DOUGLAS FAIRBANKS JR. - AUTOGRAPH CO-SIGNED BY: GLORIA SWANSON - HFSID 342997
DOUGLAS FAIRBANKS, JR. and GLORIA SWANSON The successful 1920s and 30s actors sign names for a fan Signature: "Douglas Fairbanks" in black ink and "Gloria Swanson" in pencil. 5x3 index card. DOUGLAS FAIRBANKS, JR.
Sale Price $270.00
DOUGLAS FAIRBANKS, JR. and GLORIA SWANSON
The successful 1920s and 30s actors sign names for a fan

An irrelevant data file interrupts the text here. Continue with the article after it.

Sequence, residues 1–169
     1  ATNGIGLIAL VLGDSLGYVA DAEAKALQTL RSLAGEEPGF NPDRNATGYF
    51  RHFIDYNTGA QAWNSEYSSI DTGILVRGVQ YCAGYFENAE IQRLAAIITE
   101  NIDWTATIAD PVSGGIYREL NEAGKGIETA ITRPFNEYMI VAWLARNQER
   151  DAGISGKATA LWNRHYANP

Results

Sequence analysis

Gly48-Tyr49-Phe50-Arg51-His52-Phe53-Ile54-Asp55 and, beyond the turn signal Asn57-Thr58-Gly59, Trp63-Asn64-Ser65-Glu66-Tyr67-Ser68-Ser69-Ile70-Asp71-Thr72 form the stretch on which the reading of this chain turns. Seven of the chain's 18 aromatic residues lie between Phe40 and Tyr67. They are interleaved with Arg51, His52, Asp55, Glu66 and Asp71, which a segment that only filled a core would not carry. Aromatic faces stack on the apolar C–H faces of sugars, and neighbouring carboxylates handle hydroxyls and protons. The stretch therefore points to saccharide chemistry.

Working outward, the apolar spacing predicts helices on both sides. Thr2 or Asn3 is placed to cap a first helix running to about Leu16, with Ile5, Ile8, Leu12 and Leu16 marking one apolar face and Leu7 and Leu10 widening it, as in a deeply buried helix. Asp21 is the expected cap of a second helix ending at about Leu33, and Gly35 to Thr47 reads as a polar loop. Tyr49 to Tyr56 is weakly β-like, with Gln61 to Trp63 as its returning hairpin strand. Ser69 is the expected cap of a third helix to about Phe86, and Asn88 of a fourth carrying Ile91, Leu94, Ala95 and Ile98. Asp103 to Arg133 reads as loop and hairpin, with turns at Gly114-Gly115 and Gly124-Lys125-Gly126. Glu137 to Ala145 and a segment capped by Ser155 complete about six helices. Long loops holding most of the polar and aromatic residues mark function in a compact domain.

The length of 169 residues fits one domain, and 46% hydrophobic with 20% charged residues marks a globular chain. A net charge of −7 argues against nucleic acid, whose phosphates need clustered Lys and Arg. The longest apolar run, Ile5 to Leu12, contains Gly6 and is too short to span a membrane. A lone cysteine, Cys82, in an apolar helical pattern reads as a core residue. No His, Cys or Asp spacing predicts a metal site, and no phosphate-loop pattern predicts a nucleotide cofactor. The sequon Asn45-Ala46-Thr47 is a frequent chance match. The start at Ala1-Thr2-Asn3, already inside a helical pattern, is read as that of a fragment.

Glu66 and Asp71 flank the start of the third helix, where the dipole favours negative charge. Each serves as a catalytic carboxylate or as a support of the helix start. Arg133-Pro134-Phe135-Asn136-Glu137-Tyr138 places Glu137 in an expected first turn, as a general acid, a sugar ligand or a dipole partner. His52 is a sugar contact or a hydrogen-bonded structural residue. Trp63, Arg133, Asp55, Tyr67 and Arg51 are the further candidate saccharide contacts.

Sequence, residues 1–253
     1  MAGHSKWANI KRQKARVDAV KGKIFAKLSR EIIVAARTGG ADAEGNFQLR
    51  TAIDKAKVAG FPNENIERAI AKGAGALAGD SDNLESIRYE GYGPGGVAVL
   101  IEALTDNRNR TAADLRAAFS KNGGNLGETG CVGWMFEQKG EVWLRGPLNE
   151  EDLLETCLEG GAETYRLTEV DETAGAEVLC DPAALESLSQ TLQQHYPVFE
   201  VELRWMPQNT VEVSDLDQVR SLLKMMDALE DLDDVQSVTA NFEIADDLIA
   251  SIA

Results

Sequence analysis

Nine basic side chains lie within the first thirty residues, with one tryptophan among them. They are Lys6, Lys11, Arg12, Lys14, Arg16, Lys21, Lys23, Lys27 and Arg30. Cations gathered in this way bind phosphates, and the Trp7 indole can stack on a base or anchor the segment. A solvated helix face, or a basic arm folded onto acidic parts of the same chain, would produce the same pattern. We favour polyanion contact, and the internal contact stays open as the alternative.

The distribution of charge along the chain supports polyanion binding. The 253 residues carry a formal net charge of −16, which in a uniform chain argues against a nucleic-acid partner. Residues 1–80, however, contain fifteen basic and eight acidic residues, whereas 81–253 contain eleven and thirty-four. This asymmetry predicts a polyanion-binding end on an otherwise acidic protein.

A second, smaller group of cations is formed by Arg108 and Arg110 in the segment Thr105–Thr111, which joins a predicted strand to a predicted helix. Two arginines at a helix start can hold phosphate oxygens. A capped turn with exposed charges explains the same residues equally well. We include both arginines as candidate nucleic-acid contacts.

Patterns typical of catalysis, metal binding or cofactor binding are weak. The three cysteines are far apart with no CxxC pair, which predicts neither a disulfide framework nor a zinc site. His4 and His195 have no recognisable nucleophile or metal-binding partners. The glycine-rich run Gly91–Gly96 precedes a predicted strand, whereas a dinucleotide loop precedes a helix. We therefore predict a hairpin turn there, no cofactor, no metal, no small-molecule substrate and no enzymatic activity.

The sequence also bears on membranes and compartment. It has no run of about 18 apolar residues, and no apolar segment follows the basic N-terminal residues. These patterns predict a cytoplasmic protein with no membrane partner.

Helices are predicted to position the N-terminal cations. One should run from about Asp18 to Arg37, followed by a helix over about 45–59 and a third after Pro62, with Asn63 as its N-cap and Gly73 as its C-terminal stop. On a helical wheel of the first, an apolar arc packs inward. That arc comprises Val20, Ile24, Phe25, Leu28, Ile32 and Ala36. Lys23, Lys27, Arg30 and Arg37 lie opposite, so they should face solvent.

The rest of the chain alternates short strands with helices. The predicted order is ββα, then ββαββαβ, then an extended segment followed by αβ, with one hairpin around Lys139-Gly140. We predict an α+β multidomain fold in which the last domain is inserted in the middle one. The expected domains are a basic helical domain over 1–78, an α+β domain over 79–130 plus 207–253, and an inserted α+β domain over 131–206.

Signature: "Douglas Fairbanks" in black ink and "Gloria Swanson" in pencil. 5x3 index card. DOUGLAS FAIRBANKS, JR. (1909-2000), the son of the dashing actor of the 1920s and Anna Beth Sully, the daughter of an industrialist, was raised by his mother after his parents' divorce in 1918. At the age of 13, he starred in Lasky's Stephen Steps Out, an unsuccessful attempt to exploit the Fairbanks name. Although the younger Fairbanks, a movie producer as well as an actor, appeared in some 75 films, his father took little interest in his son's career, and the two did not become close friends until the early 1930s. His feature films included Stella Dallas (1926), Little Caesar (1930), The Prisoner of Zenda (1937), Gunga Din (1939) and Sinbad the Sailor (1947), and Fairbanks also appeared in a number of made-for-TV movies and hosted the anthology series, Douglas Fairbanks, Jr. Presents (1952-1955). In the 1930s, he was married to actress Joan Crawford. GLORIA SWANSON (1897-1983) was one of the reigning queens of the silent screen. She was nominated for Academy Awards for Best Actress for Sadie Thompson (1928), The Trespasser (1929) and Sunset Boulevard (1950). Sunset Boulevard, ranked #12 on the American Film Institute's 1998 list of greatest American films, gave Swanson - as Norma Desmond - some of the best remembered lines in motion picture history. Swanson left Paramount in 1926 and, bankrolled by paramour Joseph P. Kennedy, produced her own films. She retired in 1934 and made her first comeback in Father Takes a Wife (1941). She then made a picture in Italy in 1956, Mio Figlio Nerone (Nero's Mistress). Her third comeback was in 1971 on Broadway in Butterflies Are Free. Four years later, she played a passenger aboard a doomed 747 in Airport 75. She remained a favorite on TV talk and variety shows through the 1970s. Tone and soiled. Stains throughout. Pencil marks around border of Swanson's side. Slightly work. Corners rounded. Creased throughout. Otherwise, fine condition.
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